Advance decisions in dementia: when the past conflicts with the present

By George Gillett Last month, the Guardian columnist Polly Toynbee wrote an article in support of assisted dying. She wrote about Katherine Whitehorn, her former colleague at the Observer. Describing Whitehorn, Toynbee writes: She is not herself. Her old self would not recognise herself in this other being who sits in the care home. What […]

Read More…

A sales rep and a doctor walk into a theatre – why this is no joke

By Quinn Grundy, Katrina Hutchison, Jane Johnson, Brette Blakely, Robyn Clay-Wlliams, Bernadette Richards, Wendy A Rogers Imagine that your elderly mother undergoes a hip replacement. During the post-operative appointment, the surgeon informs your mother that an error has been made: the two parts of the joint implant, a ball and socket, are mismatched. He explains that […]

Read More…

A Moral Framework for Living Donor Transplantation

By Lainie Friedman Ross and J. Richard Thistlethwaite Living donor transplantation has been controversial since its inception because it exposes donors to medical risks for the medical benefit of their intended recipients. The usual bioethics argument about the moral permissibility of living kidney donation focuses on the concept of respect for persons which is often […]

Read More…

Organismal death, the dead donor rule and the ethics of vital organ procurement

Guest Authors:  Xavier Symons, Institute for Ethics and Society, University of Notre Dame Australia, Sydney, New South Wales, Australia Reginald Mary Chua, Philosophy, Catholic Theological College, East Melbourne, Victoria, Australia Paper: Organismal death, the dead donor rule and the ethics of vital organ procurement The brain death criterion for death (as it is currently understood in medical practice) was first propounded in 1968 by an […]

Read More…

Conflicts of duty: What do they mean?

Guest Post Author: Andreas Eriksen, ARENA, Centre for European Studies, University of Oslo, Oslo, Norway; SPS, Centre for the Study of Professions, Oslo and Akershus University College, Oslo, Norway Paper: Conflicting duties and restitution of the trusting relationship Medical professionals constantly face hard cases in their interaction with patients, colleagues, and the public. They are torn between different considerations and exposed to seemingly […]

Read More…

What Makes an Emergency?

Stanley Cavell died a few days ago.  He is, I suspect, not widely known among medical ethicists, and is cited less.  Fair enough: medical ethics wasn’t his thing.  It’s a shame, though, because his work did strike me as being worth getting to know.  This is not to say that I was familiar with it […]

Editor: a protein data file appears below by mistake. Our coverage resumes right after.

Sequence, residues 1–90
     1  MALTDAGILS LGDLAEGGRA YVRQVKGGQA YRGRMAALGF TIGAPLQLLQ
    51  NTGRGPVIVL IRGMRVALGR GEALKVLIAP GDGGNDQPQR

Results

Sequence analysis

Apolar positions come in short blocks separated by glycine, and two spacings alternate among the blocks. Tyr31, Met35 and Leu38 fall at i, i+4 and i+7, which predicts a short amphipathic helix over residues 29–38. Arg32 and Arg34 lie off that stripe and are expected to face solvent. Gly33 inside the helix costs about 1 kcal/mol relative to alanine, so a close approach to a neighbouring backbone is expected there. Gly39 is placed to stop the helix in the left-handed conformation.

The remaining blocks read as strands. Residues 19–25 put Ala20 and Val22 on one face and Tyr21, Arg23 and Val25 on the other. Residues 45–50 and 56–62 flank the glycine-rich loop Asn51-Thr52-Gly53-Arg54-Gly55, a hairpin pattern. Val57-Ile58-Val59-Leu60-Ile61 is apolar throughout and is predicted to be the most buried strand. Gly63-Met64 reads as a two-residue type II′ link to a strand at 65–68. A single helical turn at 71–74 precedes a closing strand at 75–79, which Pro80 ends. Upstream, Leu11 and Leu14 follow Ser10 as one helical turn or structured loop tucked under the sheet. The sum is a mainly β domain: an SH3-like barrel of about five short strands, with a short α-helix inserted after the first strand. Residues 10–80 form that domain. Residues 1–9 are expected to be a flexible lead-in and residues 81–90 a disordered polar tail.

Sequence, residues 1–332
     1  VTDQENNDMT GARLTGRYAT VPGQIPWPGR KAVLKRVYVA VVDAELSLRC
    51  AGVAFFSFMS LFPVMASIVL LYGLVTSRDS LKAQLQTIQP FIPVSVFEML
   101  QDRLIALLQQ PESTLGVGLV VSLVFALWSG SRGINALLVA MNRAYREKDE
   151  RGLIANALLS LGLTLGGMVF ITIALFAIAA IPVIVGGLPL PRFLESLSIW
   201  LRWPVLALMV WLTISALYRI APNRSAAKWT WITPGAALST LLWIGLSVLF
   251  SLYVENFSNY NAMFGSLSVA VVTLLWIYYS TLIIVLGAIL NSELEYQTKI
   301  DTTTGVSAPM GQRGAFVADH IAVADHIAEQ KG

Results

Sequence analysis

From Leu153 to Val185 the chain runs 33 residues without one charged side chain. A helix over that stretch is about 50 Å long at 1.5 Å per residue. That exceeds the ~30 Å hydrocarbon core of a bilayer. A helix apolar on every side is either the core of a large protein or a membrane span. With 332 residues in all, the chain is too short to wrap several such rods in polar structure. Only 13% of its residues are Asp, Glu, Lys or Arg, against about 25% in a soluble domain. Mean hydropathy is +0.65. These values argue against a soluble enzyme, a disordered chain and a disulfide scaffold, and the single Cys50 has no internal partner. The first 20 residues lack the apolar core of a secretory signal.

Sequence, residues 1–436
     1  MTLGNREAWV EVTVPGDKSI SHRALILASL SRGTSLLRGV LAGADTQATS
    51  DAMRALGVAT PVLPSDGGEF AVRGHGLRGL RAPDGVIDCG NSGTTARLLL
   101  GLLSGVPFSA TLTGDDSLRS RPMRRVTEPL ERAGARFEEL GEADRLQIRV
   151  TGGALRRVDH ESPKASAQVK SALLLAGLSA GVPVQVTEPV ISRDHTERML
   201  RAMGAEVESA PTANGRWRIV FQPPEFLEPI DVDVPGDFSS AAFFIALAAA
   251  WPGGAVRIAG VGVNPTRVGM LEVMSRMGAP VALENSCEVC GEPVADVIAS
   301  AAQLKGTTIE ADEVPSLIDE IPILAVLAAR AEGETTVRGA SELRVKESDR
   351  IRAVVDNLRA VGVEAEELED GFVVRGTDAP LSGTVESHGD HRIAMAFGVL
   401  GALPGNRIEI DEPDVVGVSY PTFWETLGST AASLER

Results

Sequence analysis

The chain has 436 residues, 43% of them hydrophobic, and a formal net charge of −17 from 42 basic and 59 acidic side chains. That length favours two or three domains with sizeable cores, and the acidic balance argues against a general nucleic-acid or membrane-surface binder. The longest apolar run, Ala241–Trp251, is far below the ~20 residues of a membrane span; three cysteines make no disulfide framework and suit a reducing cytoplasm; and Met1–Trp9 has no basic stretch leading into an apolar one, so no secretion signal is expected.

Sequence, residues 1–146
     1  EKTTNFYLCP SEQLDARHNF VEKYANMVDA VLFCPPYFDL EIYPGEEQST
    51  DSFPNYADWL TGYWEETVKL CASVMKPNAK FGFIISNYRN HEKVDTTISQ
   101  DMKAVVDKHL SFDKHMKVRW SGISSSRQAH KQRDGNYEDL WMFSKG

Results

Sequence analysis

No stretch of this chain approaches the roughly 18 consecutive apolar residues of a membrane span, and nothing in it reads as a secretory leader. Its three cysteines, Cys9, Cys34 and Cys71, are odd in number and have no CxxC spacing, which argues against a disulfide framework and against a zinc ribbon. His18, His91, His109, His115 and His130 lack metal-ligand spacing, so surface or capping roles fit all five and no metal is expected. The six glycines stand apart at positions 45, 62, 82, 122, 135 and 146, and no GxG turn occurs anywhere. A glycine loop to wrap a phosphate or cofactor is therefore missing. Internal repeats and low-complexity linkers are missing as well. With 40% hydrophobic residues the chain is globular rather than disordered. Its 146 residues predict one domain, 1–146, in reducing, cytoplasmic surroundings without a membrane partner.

Read More…

The Williams Review: Unlikely to reassure doctors concerned about gross negligence manslaughter law

Guest Author: Nathan Hodson, Foundation Doctor, University Hospitals of Leicester. A rapid policy review of medical gross negligence manslaughter was announced by Secretary of State for Health and Social Care, Jeremy Hunt, in February 2018. Last week, barely four months later, Professor Sir Norman Williams delivered the report. Its remit was limited to investigating the […]

Read More…

The Children Missing from Nelson’s Column

There’s a cliché that says that hard cases make bad law.  Truth be told, there’s a whole list of things that make, or make for, bad law.  Highly visible public protests make for bad law.  Lack of measured thought makes for bad law.  Journalistic pressure makes for bad law.  And anything – anything – that […]

Read More…

“An intermittent safeguard for health”

Guest post by Matteo Winkler, École des hautes études commerciales de Paris I thought I’d drop you a few lines to explain how I view the Italian intervention on the case of Alfie Evans. On 24 April, the Italian government, acting upon a proposal presented by the Minister of Interior Marco Minniti, resolved to grant Alfie […]

Read More…

Should Iceland Ban Circumcision? A Legal and Ethical Analysis

  By Lauren Notini and Brian D. Earp *Note: this article also appears on the Practical Ethics Blog, and a condensed version titled “Iceland’s Proposed Circumcision Ban” is being cross-published at Pursuit. For a small country, Iceland has had a big impact on global media coverage recently, following its proposed ban on male circumcision before […]

Read More…